The following images are from an FTDI chip (FT232RL). The pitch was the finest on my board so I selected these pads for comparison of how well the different layers register with one another on these two service providers.

Top: JLCPCB Bottom: competition


They look similar. I’ve unfortunately scratched the pads on the competition’s board. I applied solder paste to that board and later cleaned the paste off so I could photograph its pads. My bad.
On a closer look there is a difference:

SMD pads (SSOP 0.65mm pitch):

Top: JLCPCB Bottom: competition
You can see that JLCPCB‘s boards (top) have SMD pads (shiny metal pads) that are very symmetrically situated inside the solder-resist masks (slightly larger dark rectangle). The solder resist also goes closer to the board than its competition. These are manufactured from the same designs! The engineers at the competition must have increased the peel-off (sizes of feature not covered by solder resists) to offset their less-perfect layer registrations and/or accuracy on each layer. As you can see, not all pads and their solder resist have the same offset. Some look better than others. This is clear with the second to the last pad and the last pad. The pads are not centered at all. This is very consistent across the board made by competition. JLCPCB has better overall registration than competition. Better registration translates into better chance to prevent solder bridges and less chances to reworking on your boards after you reflow them, that means time and money saved.

Thru-hole pads (o.1″ spacing):

Top: JLCPCB Bottom: competition

The top one has less size solder resist layer, the edges of the red lacquer surrounding the shiny pads (almost same size as the thru-hole pads) and very symmetrical. The competition has again increased the solder resist layer and couldn’t keep the layer registered well with the pad.

The via to the right of the bottom right through hole pin hole will be compared next. On JLCPCB‘s board, its solder resist has 2.8mm diameter when displayed on my computer monitor. On the competition board, it is 3.1mm. The images were taken under a high-magnification lens and I checked the images to be exactly the same zoom, measuring the same across the same features on screen. What this means is that if you have a lot of vias in one area, very close to one another, you may get some solder bridges between the vias if there is not enough solder resist to separate them. Not a problem on this board but a problem if you happen to have vias very close and also close to thru-hole components. You solder the thru-hole and inevitably fill the adjacent vias with some solder. This could short vias.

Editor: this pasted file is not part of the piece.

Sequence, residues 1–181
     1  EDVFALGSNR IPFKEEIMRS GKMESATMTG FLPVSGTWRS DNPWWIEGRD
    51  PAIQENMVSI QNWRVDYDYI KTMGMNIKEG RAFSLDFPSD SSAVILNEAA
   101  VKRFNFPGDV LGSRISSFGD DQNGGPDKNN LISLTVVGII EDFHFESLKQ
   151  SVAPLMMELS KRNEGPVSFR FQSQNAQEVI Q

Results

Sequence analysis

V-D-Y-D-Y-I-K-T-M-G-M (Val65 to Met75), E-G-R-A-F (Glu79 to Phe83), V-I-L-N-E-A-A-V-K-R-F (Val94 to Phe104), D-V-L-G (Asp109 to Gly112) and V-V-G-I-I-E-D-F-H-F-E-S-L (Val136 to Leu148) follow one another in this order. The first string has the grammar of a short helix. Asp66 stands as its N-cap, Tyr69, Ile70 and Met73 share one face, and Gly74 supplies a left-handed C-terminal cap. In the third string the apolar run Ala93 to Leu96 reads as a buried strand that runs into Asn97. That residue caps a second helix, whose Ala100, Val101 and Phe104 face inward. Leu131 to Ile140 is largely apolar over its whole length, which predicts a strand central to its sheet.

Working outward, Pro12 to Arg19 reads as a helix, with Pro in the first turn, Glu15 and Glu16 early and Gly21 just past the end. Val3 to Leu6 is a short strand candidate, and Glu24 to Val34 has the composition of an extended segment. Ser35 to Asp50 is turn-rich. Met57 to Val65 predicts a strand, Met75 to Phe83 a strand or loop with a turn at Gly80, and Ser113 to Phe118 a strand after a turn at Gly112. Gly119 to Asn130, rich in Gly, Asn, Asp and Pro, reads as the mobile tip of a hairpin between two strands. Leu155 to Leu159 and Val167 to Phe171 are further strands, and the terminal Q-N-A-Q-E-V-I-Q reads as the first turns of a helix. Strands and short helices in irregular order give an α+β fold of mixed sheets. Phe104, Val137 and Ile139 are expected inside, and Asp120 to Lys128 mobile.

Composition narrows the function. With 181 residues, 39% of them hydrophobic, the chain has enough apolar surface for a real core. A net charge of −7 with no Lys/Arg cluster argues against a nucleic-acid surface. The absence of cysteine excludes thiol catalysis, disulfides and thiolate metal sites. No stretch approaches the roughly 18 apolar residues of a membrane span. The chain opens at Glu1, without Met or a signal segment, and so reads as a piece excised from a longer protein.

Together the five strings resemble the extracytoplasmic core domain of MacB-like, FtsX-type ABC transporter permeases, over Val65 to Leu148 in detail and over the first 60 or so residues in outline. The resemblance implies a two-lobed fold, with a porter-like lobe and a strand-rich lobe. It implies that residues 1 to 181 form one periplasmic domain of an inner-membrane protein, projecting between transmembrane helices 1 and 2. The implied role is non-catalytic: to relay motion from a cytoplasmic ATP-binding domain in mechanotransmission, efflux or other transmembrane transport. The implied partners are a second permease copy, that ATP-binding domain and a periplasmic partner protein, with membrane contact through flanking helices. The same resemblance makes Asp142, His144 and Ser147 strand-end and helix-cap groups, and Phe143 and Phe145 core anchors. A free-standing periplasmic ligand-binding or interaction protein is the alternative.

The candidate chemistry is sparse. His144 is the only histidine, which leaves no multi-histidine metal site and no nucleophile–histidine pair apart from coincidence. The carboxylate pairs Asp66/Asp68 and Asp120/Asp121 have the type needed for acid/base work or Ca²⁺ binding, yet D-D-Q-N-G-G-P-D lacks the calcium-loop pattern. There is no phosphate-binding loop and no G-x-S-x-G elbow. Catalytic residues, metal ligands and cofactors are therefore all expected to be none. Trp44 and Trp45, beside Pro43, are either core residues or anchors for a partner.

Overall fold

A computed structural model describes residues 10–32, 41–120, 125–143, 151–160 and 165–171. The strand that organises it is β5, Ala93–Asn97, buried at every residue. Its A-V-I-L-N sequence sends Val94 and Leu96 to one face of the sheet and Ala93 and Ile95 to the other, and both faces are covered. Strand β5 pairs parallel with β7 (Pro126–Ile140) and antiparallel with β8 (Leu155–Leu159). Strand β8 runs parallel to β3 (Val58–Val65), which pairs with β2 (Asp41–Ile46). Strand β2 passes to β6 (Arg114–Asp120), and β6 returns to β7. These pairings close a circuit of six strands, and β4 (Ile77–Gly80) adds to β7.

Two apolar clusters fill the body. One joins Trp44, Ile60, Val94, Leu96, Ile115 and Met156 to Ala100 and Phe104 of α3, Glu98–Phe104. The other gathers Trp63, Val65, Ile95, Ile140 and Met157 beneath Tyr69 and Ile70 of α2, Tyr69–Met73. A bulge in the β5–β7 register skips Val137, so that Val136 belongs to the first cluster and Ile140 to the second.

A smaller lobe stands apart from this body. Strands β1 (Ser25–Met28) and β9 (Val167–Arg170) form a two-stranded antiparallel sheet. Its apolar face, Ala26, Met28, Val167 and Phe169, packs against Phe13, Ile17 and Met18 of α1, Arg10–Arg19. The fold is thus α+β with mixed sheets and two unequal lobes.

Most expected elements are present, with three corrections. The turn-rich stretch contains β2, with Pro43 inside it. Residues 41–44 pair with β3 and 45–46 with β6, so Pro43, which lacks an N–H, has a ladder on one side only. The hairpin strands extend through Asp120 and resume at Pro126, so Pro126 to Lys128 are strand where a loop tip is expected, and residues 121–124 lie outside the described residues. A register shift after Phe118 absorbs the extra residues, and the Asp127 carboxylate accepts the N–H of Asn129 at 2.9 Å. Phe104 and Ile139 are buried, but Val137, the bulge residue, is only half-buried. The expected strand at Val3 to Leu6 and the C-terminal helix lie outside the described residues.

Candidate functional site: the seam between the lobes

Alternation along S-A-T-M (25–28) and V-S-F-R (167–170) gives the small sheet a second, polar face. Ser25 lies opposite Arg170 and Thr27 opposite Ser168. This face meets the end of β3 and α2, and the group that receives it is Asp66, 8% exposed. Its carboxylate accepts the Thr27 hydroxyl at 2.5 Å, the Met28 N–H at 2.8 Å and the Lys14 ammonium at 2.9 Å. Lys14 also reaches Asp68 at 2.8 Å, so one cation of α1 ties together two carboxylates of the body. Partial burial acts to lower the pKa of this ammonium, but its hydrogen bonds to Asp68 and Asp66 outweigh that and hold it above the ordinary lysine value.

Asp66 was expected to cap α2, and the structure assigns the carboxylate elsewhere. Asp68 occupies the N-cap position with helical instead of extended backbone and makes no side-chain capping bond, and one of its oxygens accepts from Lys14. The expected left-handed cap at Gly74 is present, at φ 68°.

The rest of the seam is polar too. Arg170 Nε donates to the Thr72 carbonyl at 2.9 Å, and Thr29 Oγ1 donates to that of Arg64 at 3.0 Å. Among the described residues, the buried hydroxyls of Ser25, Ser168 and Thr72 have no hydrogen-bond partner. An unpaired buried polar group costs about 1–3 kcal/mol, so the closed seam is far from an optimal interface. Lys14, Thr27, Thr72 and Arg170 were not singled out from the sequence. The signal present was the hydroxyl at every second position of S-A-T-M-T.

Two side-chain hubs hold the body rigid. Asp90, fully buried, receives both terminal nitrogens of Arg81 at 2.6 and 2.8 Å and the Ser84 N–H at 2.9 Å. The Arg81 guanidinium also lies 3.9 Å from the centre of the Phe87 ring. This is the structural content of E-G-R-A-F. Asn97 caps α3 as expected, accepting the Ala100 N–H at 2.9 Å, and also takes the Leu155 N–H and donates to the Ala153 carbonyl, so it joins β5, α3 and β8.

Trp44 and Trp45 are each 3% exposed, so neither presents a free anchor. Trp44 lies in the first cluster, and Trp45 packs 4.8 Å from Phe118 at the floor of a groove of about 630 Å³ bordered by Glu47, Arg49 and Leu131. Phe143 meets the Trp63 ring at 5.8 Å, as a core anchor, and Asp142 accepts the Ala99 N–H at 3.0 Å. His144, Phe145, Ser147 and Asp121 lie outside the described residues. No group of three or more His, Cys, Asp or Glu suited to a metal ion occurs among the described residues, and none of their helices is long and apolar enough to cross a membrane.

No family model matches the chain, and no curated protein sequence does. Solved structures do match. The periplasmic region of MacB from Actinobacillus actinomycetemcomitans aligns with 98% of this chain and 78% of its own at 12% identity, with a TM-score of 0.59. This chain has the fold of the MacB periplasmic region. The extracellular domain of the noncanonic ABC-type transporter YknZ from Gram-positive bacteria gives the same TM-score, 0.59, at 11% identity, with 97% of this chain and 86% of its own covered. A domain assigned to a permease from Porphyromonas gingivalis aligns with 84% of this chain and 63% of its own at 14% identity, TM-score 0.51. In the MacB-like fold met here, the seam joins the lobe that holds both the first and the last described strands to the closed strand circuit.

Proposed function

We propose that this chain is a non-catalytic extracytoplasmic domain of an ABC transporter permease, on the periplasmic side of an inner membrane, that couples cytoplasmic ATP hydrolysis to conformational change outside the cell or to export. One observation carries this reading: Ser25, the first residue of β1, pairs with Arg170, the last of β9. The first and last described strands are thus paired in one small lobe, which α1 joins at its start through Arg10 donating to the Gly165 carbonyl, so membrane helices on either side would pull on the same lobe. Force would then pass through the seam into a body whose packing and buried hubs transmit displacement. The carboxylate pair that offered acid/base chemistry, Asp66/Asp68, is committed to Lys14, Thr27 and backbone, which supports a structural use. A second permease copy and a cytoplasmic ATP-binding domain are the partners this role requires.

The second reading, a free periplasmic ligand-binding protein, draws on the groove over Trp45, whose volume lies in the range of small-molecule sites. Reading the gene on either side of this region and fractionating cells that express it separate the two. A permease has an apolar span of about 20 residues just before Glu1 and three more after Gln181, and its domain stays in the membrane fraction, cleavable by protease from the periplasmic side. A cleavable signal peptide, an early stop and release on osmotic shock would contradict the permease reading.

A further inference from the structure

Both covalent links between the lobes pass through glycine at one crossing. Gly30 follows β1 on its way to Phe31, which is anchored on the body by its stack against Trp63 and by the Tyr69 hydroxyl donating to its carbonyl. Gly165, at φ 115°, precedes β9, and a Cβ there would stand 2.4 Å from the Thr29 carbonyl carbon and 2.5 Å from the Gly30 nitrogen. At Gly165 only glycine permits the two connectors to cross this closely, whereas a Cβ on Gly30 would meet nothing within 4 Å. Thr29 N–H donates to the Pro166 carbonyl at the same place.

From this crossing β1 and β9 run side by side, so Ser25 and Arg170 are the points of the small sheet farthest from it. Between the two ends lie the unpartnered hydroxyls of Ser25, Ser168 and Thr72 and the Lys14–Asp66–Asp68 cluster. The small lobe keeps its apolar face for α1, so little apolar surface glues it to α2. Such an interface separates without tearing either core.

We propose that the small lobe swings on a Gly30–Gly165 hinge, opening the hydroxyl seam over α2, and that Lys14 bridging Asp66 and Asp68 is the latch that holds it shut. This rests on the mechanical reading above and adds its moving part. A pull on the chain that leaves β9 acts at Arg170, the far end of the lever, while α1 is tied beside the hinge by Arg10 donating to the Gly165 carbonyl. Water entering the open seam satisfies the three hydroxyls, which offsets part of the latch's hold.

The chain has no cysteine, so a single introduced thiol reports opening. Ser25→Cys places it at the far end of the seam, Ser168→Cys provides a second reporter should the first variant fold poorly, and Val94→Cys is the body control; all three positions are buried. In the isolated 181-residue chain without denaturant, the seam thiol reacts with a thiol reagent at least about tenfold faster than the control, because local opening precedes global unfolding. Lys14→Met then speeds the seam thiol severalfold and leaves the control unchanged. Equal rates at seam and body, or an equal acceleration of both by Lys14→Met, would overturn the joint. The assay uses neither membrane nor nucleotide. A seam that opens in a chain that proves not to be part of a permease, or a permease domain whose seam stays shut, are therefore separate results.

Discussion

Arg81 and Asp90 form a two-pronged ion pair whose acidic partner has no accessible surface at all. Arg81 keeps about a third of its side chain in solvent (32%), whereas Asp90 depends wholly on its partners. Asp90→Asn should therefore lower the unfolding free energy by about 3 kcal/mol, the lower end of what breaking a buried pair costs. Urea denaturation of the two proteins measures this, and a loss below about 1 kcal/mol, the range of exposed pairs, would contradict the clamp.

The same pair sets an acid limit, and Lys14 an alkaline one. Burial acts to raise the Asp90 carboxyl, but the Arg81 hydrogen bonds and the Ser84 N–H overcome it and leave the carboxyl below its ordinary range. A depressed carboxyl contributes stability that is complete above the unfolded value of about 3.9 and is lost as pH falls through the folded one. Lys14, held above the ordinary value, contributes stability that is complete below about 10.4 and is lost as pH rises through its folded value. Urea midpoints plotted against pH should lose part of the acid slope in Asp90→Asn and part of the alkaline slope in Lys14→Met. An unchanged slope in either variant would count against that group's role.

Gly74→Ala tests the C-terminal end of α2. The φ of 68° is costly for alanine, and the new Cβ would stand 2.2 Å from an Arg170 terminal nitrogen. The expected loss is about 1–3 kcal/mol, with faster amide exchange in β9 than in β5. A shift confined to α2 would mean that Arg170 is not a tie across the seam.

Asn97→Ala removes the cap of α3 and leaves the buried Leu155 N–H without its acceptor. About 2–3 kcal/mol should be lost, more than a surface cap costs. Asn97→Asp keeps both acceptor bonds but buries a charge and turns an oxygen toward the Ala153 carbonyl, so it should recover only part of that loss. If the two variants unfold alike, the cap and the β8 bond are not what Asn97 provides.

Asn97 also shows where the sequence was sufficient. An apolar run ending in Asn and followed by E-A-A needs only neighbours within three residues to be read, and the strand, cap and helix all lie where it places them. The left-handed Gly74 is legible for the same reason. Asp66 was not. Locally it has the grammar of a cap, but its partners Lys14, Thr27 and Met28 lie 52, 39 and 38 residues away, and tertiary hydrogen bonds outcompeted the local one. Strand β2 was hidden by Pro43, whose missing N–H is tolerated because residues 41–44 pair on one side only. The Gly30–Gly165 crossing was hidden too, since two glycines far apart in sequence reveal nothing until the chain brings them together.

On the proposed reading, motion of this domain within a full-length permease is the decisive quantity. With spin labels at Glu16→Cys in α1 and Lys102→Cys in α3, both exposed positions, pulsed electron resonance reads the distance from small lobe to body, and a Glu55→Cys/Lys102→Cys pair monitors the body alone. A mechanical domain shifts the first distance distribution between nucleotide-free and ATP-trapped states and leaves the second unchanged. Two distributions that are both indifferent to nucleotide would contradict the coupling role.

Overlay (white texts):

The quality of the white overlay texts are about the same between the two fabricators, although at some places you see one board having better quality than the other board while at different places the quality is reversed. This is not a crucial feature to look at though.

JLCPCB: top, Competition: bottom

With the explanation above, you can easily distinguish these two photos. The bottom one has so much space between the edges of the shiny pads and the red lacquer (less qualty). The top one has so much less and so symmetric.

So the results are clear. JLCPCB is a pretty decent PCB fab house and I will order my next batch from them. The shipping cost is also slightly less than competition if you use DHL. I always use DHL. They do a good job delivering to small cities like the one I live in!

Here is a link to JLCPCB’s website:

www.jlcpcb.com

I am not getting any commissions for your purchases. The link has no “trackers” 🙂

P.S.: I had a research student hand solder this board (yes, every single chip resistor and the FTDI chip) as a good test of his skills and it turned out fine. This is a proof that having the right size solder resist helps, really. This is what the board looks like after assembly: